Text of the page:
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Goodreads asked Pamela Richards:

What’s your advice for aspiring writers?

Pamela Richards What advice do you have for aspiring writers?

If you haven't started writing yet, do it now. And keep it up.

There are those among the wise who tell us to write what we know. For those writing in the non-fiction genre of memoir, I believe the antithesis also applies: don't write what you don't know.

The memoirist's challenge is to write from the first person. This leaves a narrow margin of subject matter for the writer, but there is the point: memoir can be approached as a discipline which confronts us with ourselves at at every turn. Honest self-examination is the touchstone of human development.

If you want to write a memoir, be guided by your life. You know your life, your point of view, your experiences. As in life, you cannot be authentic when you attempt to tell someone else's life, someone else's point of view, someone else's experiences. For example, it would be inappropriate for me as an outsider to assume I knew what someone's relationship with someone else was like. As in any matter where only two are present, I must admit I was not there. God knows what happened, but anyone else who claims to know the inside of another person's relationship is falsely claiming to be omniscient. An omniscient point of view from an ordinary human is unnecessary, unkind, unbelievable--and naive.

If you choose to let your imagination into your writing, be careful to cite your sources. "I wondered what his response would be. . ." "I dreamed of a time when the darkness would end. . ." "I drifted into a daydream about. . . " would all be appropriate. It's also a good idea to mark your return to reality so the reader does not become confused. ". . . but today it was raining, so there would be no picnic on the hillside. I picked up my Art History textbook and flipped through the pages."

Even when offering suggestions about what I think may have motivated someone else's behavior, I am better off providing clear reasons for any deductions or guesses I have made and claiming them as guesses, not facts. I can explain my thought processes, but to describe my opinions as though they were irrefutable facts leaves me open to valid criticism.

It would be incredible for me to claim to know every moment of another person's life, or everything they thought or felt, no matter how well I believe I know them.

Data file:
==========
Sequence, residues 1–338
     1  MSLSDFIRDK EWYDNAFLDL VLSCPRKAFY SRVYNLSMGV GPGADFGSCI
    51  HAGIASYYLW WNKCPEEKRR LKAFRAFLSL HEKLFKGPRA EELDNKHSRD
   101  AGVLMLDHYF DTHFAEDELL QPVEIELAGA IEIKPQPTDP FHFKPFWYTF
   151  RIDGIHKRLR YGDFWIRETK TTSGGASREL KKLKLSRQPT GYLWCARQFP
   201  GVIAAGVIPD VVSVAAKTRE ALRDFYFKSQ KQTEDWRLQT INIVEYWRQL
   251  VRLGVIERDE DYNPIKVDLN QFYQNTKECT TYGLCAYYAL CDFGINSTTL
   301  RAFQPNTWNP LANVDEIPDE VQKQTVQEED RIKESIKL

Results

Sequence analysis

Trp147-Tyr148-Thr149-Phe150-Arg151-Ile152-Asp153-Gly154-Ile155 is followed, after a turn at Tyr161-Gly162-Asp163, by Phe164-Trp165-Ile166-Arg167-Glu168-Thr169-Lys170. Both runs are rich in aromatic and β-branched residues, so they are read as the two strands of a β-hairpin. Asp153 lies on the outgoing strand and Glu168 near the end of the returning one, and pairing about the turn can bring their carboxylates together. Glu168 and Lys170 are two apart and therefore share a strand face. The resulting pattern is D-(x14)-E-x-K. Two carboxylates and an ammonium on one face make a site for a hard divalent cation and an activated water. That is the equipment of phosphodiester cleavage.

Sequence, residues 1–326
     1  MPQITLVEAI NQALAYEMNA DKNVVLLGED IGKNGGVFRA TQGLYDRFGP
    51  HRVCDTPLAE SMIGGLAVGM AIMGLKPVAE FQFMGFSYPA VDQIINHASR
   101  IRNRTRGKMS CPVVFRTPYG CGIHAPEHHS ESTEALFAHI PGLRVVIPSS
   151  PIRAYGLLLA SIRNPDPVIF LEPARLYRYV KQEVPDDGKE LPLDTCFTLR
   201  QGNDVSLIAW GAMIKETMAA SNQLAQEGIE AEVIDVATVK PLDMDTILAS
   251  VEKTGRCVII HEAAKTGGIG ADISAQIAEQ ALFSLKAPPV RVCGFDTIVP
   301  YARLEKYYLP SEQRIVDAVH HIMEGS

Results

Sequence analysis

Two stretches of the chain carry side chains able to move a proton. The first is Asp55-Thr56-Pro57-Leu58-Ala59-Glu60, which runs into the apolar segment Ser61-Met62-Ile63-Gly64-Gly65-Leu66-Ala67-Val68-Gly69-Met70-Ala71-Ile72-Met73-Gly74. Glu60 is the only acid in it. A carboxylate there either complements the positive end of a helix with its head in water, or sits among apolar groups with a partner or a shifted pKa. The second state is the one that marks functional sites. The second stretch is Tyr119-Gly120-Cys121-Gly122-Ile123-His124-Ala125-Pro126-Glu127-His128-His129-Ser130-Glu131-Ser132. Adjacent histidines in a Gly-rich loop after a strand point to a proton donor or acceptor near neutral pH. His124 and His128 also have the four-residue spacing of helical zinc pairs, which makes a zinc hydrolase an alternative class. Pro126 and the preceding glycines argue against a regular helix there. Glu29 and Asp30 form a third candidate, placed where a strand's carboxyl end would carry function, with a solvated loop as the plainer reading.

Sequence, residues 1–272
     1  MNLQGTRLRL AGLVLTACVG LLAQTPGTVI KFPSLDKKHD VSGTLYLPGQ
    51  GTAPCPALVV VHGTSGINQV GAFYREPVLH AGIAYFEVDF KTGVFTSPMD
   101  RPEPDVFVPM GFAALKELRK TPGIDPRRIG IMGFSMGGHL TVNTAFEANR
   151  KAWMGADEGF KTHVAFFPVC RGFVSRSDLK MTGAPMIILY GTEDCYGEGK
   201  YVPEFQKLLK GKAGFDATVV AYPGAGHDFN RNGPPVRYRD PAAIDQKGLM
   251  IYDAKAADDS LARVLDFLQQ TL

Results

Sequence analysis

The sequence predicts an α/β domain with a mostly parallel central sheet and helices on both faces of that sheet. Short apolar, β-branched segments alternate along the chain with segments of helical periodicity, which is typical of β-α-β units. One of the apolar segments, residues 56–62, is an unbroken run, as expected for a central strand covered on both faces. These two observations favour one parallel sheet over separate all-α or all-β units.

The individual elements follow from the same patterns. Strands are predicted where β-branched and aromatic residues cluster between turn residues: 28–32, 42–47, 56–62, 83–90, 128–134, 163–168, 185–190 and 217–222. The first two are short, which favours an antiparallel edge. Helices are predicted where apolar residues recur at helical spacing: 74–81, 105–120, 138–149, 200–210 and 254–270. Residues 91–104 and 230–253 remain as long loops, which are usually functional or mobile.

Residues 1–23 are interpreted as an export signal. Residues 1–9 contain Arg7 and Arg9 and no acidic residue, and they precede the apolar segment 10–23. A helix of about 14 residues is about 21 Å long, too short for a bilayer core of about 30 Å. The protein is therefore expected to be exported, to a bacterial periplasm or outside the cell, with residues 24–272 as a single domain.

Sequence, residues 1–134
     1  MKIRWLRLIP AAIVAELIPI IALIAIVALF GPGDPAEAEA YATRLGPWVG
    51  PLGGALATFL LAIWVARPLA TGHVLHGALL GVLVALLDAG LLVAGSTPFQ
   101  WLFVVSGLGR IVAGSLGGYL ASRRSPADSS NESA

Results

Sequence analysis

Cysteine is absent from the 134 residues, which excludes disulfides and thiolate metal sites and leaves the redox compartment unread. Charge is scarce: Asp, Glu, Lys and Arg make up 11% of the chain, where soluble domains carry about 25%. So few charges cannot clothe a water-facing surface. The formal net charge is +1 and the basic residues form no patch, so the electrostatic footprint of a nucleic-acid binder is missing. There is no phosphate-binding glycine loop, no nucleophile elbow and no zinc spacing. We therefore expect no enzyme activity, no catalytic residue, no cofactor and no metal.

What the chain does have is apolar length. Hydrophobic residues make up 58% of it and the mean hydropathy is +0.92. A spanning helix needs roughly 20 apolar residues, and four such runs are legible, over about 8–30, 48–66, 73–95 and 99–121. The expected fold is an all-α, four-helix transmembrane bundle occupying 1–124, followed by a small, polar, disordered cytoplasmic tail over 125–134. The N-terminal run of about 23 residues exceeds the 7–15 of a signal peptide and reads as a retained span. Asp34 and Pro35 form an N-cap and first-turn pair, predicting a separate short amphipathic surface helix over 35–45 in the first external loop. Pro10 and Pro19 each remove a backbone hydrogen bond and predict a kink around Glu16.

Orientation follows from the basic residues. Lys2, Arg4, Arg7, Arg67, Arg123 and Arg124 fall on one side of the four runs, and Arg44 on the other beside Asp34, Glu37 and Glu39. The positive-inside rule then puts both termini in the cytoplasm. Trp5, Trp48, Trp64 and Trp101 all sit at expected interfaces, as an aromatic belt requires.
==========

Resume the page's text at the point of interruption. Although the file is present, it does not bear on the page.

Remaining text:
I could state with integrity, "She claimed their relationship was on hold, but I did not believe it." This statement may reveal the writer as callous, suspicious or lacking in empathy, but it isn't speculation; I am speaking for myself and no one else. It's a statement I can genuinely own.

If the writer went on to give her reasons for doubting the relationship was as described, she could recount the couple's actions that led her to her conclusions. At this point, the honest writer may grapple with the issue of whether she feels inclined to overstate her case because she is biased: is she jealous of this couple? Is her assessment based on intuition, information, or involvement? After all, she was not present during the couple's decision-making process. Writing with discipline and integrity forces us to examine ourselves as we write. As an honest memoirist, I can admit to my fears. "I was reluctant to be caught up in this couple's mess," is a frank admission which flatters or favors no one, but at least it earns the writer credibility for confessing to human limitations.

What if this event is a turning point in my story? If my former misjudgment of this couple's status has now become a matter of critical importance to me, I can use this incident to demonstrate falling on grace as an example of a weakness of mine which ultimately reveals God's strength. If this is the hinge your story turns on, it needs to be given more focus than other minor incidents in your work. Prepare to involve these individuals in your writing process if you plan to publish. Privacy laws, which protect the rights of private individuals to be left alone, vary from state to state.

Journalists may make exceptions to the rule when in their writing when they claim "the public has a right to know," a story, but few memoirists are members of the press.

On the other hand, if I recognize that I have deliberately distanced myself from this couple's sticky situation and I believe I was right to do so, I may begin to question why I need to include their story in my account at all. Is there a reason why I feel the urgency to address an issue that does not directly involve me? Are the events of my life in some way contingent on my understanding of their story? Is their presence in my book important to its theme? If not, am I muddying the waters for my own amusement at the expense of others? If I can eliminate this material entirely without losing the focus of my work, perhaps it would be wise to do so.

One example of specific behavior can tell us more about the people in your non-fiction work than a thousand speculations. Make sure these incidents are ones you witnessed, not rumors based on second-hand stories or gossip. These anecdotes will become as subject to the readers' interpretation as they are to your own. Vulnerability happens. Just remember you own your point of view. You were there. Know your truth. Claim it. Stand on it.

If you need to tone your claims down, do it boldly, as in, "I can never know the truth behind the rumors that circulated about their relationship status." A statement that acknowledges limitations rings true to human experience and declares respect for humanity at large. Know your truth: even when integrity insists you temper your statements, the truth will not let you down.

Writing with integrity reflects the greater challenge of living with integrity. That alone is a very good reason to write.

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